Today Mark asked the Minister for Human Services, representing the Minister for Environment and Water, about the decline and ultimate extinction of South Australia's mound springs which are recognised nationally as an endangered ecological community.
The Hon. M.C. PARNELL: Some of the jewels in the crown of the South Australian outback are the various mound springs which occur when water from the Great Artesian Basin reaches the surface under pressure. These springs and the ecosystems around them are dependent on continued natural flows and water pressure of an intact Great Artesian Basin water system. The mound springs are recognised nationally as an endangered ecological community.
The reduction in water pressure in the Great Artesian Basin, through extraction from artesian bores, has been the primary cause of hundreds of mound springs across the basin drying up since the first bores were sunk in the late 1800s. These days, the biggest water user in the region is the BHP Billiton Olympic Dam mine, which is set to extract 50 million litres of water (or 20 Olympic-size swimming pools) every single day for the next 25 years.
Since the Olympic Dam mine began extracting water in 1982, impacts on the mound springs have continued to increase in severity as the extraction rate continues its inevitable rise. Many springs have declined and others have stopped flowing altogether.
My questions of the minister are:
1. How is it possible for the decline and ultimate extinction of many of these mound springs to be reversed if BHP Billiton is able to drastically increase its take of water from the Great Artesian Basin?
2. What steps will the government take to protect South Australia's iconic mound springs into the future?
The Hon. J.M.A. LENSINK (Minister for Human Services): I thank the honourable member for his important question. In fact, I think he and I may well have been members of the Environment, Resources and Development Committee at the same time when we went to areas of the Far North in South Australia where the mound springs exist. Indeed, they are environmentally unique and definitely worth protecting.
I also recall that there was quite an extensive program of capping of bores, which the federal government may well have funded, that was administered through the then department—it might have been DWALABI or DEW or whichever former incarnation that was. But in relation to the honourable member's specific questions, I will take those on notice and bring back a response for him from the relevant minister.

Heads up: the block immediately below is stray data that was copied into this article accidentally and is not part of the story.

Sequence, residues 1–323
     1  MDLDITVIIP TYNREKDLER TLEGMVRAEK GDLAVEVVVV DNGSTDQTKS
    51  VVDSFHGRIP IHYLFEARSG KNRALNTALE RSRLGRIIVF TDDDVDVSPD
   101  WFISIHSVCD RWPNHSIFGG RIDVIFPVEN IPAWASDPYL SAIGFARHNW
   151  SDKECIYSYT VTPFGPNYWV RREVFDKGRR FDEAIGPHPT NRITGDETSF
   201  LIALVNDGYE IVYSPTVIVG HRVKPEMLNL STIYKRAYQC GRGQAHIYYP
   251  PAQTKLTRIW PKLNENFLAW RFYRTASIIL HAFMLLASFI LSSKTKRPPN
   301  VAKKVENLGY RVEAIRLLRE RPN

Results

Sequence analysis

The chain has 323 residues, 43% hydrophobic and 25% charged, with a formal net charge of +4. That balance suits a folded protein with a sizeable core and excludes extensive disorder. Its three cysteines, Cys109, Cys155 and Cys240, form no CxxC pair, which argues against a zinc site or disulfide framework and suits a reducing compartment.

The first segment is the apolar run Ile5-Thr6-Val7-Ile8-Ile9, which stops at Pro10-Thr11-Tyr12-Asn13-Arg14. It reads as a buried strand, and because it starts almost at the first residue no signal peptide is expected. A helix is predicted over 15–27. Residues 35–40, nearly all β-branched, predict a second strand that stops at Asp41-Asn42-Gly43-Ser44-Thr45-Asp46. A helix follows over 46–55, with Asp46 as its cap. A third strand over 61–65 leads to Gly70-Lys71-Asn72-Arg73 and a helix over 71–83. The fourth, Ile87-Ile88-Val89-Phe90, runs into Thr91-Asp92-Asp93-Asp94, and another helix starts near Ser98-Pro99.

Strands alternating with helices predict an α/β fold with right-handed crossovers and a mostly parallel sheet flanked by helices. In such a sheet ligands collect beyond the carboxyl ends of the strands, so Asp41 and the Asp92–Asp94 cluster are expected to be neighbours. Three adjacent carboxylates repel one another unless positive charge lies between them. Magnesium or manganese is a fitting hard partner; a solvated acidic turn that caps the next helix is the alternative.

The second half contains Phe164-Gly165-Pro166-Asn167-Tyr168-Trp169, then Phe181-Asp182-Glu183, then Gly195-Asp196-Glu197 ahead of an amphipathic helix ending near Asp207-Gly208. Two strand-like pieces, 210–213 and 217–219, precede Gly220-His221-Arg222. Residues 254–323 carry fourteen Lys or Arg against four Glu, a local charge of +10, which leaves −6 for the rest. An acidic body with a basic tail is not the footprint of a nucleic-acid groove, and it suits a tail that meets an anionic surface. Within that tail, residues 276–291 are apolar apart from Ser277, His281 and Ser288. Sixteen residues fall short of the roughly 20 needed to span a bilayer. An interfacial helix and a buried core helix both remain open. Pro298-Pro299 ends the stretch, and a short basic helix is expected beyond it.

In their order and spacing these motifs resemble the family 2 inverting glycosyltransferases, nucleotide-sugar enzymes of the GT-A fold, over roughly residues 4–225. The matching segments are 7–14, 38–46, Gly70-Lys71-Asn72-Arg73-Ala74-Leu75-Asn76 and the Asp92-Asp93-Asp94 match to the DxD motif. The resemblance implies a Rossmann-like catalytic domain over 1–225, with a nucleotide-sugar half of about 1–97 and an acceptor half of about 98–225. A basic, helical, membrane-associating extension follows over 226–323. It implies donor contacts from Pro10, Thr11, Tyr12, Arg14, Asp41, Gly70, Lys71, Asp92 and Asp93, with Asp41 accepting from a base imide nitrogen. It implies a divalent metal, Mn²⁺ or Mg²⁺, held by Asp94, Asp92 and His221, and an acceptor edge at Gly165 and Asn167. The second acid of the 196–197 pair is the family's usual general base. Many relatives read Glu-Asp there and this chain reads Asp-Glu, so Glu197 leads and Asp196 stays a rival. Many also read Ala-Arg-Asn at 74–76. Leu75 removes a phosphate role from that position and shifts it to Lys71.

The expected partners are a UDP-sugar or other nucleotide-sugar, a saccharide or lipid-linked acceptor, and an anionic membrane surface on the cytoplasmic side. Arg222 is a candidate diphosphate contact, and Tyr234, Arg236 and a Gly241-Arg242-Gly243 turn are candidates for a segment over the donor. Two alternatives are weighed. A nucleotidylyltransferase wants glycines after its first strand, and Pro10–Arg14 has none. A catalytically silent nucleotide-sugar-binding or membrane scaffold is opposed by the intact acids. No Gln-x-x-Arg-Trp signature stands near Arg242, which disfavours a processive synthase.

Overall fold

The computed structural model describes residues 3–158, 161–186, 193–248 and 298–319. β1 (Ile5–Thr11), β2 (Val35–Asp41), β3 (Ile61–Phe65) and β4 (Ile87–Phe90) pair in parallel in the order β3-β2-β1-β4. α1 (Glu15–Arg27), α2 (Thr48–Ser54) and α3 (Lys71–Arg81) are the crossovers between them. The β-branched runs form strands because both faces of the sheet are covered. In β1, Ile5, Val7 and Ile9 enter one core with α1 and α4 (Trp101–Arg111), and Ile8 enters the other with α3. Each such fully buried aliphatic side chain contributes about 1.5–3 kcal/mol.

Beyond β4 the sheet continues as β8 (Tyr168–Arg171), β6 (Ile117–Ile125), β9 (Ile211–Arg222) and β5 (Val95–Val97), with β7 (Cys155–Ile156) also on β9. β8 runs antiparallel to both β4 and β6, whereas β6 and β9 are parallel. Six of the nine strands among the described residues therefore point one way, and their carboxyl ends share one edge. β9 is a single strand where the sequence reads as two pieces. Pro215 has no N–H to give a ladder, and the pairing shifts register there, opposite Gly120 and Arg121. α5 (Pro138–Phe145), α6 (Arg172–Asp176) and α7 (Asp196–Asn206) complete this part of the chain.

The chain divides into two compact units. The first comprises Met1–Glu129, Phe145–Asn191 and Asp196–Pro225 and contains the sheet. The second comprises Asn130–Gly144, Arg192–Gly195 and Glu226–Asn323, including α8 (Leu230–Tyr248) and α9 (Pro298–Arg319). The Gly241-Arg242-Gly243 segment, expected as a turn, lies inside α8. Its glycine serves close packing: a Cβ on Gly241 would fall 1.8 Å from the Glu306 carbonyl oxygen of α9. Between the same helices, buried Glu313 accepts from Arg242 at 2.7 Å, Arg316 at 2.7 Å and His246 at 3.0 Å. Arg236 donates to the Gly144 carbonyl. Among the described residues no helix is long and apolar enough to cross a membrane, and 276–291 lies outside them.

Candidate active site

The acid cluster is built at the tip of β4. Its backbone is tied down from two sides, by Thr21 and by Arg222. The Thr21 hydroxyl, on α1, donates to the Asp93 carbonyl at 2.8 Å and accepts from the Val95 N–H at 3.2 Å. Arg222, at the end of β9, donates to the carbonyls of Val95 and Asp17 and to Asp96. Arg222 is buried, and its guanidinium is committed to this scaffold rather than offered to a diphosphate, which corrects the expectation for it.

On the 2 February 2021 the Minister provided a reply:
The Hon. J.M.A. LENSINK (Minister for Human Services): The Minister for Environment and Water has advised:
- As outlined in the South Australian Government Gazette on 27 August 2020, BHP's water extraction from the Great Artesian Basin (GAB) will not be increasing, and will remain up to a total maximum of 42 megalitres per day (ML/d) annual average or 15.3 gigalitres per annum.
- Predicted impacts on specific springs were identified in the Environmental Impact Statement (EIS) for the Olympic Dam mine and GAB water extractions in 1982, and in the mine expansion EIS in 1997.
- Successive South Australian governments have been working with all landholders, including BHP, to control uncapped bores and replace open bore drains to minimise wastage to improve the health of GAB springs.
- Since the year 2000, we have seen 59 bores capped and achieved water savings of 49.9 gigalitres per annum and measured recovery of aquifer pressures.
- The South Australian government continues to facilitate landholder access to the commonwealth government's Improving GAB Drought Resilience Program.
- The program provides co-funding on a 50:50 basis for landholders who are accessing water from the GAB for water supply infrastructure projects that reduce water loss, improve aquifer pressure and the health of basin-dependent springs.
- The Far North Prescribed Wells Water Allocation Plan has been in place since 2009. A key objective of the management regime established by the plan is that the taking of water must not have an unacceptable impact on spring ecology, particularly at high value sites.